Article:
12 hours ago

North East Lincolnshire Council’s children’s services rated ‘inadequate’

Kids “at risk of harm”

Children’s services at North East Lincolnshire Council has been rated ‘inadequate’ by Ofsted, but the council’s senior leadership has pledged to make improvements.

The service was judged to be good after inspection in 2017, but according to Ofsted the services to children and families have “significantly deteriorated”. The most recent inspection last month identified “widespread weaknesses in assessment, planning and management decision-making, leaving many children at risk of harm”.

Two focused visits in March and October 2019 identified significant weaknesses in practice, resulting in areas for priority action which have not been fully addressed. An Improvement Notice was issued to the council in December 2019 after the publication of Ofsted’s Focused Visit Letter relating to the visit to the region in October 2019.

A virtual focused assurance visit in May 2021 identified how the national lockdowns arising from COVID-19 placed signifiant demands and challenges on children’s services. This slowed the pace of change, but identified some improvements in discrete service areas. Some of these services have since declined, Ofsed said.

It was also noted in the report that the “high turnover of social workers and managers has had a profound impact, resulting in multiple changes for children and families, inconsistency in planning, and drift and delay”. It added that “some children’s cases are closed or stepped down without being fully understood or addressed, leaving children at risk”.

The local authority’s children’s services was inspected again by Ofsted on October 4 and 15, 2021. The report was published by Ofsted on Friday, November 26 and is very critical of the service saying there are “serious and widespread failures across the help and protection service” – read the full report here.

Inspectors referred children back to senior leaders to ensure that remedial action was taken where risk and need had not been identified or addressed. Remedial action was taken immediately where agreed, while a Department for Education appointed Commissioner – a specialist in supporting local authorities to improve – will work with the council.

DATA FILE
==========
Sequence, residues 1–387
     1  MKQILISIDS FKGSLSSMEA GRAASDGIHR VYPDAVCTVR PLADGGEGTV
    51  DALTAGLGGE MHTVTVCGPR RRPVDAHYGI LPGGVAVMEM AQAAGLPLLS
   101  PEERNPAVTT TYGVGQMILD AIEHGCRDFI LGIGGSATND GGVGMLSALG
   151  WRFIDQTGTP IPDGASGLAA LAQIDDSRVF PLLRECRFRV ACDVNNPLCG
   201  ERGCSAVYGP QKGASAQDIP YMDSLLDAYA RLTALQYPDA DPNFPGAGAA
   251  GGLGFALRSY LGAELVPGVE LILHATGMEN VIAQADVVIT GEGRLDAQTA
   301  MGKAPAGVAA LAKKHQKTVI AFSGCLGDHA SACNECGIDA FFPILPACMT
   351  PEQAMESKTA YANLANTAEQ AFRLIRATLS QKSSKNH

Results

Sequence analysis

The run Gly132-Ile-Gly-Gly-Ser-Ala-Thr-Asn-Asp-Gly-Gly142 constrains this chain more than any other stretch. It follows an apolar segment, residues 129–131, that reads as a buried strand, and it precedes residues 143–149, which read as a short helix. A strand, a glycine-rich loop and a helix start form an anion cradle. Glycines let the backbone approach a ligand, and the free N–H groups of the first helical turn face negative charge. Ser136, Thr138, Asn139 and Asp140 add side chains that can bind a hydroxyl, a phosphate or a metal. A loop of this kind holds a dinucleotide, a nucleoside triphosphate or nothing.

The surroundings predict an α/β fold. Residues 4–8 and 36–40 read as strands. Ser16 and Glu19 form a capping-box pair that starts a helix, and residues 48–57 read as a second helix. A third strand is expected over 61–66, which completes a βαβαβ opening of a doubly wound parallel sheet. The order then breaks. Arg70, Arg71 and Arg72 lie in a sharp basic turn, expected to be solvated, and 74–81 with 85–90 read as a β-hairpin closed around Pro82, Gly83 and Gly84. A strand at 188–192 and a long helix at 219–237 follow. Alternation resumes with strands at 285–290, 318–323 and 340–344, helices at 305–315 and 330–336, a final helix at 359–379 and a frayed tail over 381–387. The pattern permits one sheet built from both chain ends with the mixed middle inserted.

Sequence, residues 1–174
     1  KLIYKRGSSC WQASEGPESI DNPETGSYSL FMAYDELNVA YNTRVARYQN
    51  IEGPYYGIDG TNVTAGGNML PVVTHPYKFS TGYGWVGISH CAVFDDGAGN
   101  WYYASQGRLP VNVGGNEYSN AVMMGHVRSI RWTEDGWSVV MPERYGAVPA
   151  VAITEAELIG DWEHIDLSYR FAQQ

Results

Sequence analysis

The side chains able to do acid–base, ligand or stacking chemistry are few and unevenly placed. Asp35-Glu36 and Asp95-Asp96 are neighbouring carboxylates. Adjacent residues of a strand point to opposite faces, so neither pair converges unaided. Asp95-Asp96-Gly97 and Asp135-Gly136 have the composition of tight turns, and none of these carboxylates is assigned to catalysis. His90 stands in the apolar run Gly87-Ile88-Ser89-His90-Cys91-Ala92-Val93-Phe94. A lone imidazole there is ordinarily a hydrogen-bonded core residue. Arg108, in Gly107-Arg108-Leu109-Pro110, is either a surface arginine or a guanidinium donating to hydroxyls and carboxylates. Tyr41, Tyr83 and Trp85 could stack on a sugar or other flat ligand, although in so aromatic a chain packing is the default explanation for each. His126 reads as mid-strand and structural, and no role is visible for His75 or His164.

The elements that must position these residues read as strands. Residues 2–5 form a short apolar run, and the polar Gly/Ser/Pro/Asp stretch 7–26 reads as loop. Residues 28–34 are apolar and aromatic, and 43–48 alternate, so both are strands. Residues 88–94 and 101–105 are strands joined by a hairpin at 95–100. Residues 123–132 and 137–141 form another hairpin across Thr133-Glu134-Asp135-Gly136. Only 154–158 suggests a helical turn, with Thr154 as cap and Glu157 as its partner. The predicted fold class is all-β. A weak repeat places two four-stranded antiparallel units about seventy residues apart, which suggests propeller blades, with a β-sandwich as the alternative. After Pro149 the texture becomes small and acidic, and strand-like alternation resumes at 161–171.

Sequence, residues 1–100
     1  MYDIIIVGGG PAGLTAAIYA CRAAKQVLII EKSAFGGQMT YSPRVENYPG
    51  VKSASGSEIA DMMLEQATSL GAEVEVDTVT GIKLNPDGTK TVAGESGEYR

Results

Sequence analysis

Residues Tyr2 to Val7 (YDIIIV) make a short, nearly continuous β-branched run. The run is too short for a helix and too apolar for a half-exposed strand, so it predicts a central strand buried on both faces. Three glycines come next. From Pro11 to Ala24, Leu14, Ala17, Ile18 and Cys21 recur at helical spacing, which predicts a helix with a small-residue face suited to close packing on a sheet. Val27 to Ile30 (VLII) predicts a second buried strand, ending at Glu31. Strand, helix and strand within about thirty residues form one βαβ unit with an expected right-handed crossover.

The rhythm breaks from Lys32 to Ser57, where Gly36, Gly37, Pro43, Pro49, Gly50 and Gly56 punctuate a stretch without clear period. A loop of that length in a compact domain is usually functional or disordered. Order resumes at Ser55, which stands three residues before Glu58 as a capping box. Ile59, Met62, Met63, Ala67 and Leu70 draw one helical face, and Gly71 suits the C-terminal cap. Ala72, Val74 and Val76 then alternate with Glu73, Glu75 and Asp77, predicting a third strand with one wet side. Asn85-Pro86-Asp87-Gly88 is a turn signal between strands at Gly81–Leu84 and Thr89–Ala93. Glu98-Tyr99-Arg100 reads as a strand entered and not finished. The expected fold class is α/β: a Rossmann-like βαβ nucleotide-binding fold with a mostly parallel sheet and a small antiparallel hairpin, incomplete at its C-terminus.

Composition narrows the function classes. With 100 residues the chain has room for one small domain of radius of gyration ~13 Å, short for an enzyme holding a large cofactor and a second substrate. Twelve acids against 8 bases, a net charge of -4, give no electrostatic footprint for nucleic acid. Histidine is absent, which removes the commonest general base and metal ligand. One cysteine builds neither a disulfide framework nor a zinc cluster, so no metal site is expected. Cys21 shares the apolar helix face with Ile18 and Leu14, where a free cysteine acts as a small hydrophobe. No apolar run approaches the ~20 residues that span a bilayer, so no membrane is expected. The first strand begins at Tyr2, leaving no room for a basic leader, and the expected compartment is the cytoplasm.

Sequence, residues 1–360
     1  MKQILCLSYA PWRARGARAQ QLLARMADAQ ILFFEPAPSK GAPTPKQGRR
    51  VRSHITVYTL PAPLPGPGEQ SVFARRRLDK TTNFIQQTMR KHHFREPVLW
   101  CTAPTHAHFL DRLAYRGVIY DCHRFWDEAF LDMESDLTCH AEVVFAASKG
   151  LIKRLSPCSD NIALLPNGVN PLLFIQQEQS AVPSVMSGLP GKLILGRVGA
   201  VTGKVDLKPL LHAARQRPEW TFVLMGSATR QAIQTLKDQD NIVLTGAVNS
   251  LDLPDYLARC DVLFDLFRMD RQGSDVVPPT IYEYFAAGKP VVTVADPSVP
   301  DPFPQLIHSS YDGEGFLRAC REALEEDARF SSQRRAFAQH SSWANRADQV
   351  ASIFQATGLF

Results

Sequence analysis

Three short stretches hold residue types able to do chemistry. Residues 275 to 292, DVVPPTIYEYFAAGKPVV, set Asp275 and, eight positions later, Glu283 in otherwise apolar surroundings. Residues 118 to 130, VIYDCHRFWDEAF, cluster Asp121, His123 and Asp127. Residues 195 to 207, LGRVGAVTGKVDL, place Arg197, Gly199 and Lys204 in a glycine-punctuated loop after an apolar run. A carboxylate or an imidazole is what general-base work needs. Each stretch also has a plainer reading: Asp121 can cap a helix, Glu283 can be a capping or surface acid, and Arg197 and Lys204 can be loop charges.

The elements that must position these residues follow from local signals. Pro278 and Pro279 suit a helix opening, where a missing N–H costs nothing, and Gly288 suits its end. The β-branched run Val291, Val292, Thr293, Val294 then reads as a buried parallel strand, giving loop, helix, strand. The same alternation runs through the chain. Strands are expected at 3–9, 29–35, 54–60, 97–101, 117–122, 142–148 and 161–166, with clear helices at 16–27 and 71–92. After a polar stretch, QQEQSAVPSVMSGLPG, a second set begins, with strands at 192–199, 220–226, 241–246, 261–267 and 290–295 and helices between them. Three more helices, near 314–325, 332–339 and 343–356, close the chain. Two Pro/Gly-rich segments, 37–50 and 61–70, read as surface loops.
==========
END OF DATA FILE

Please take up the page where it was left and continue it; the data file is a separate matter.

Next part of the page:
North East Lincolnshire Council’s leadership said the protection of support and young people is a top priority and will be improved in line with major recommendations – see the full pledge here.

This comes as the services’ director Lisa Arthey announced she is leaving the authority after almost two years – eight months of those as director. The council said it will “now look to continue the work that she has been integral in progressing”.

Leader of the council, Councillor Philip Jackson said: “We recognise and accept Ofsted’s findings. But let me emphasise today that North East Lincolnshire Council is absolutely committed to continuing its journey of improvement and in doing so we will work with all concerned to keep our children safe.

“We have already engaged with regional and local partners, including Lincolnshire County Council and North Lincolnshire Council, to develop a collaborative package of support to assist us with our ongoing improvement focus.”

Portfolio Holder for Children’s Services, Councillor Ian Lindley, said: “We stress again, we are not hiding from the issues that have been identified, nor are we making excuses. However, there is no doubt the pandemic did derail our plans significantly and improvements were and are being made.”

There are 582 children in North East Lincolnshire being looked after by the council. This is the equivalent of 169 children per 10,000 children in the borough, with the England average 67 per 10,000.

The team has dealt with a 57% per cent increase this year and last year in the number of children in need referred to children’s social care services, when compared to the two years previous.

Despite the criticisms in the report, it praised the council for its work to prevent child exploitation, and monthly referrals dropping from 292 in December 2019 to 179 in August this year.

Areas that were listed for improvement included the quality and effectiveness of managerial oversight and supervision, and timeliness of safeguarding checks for children in private fostering and connected carers’ placements.

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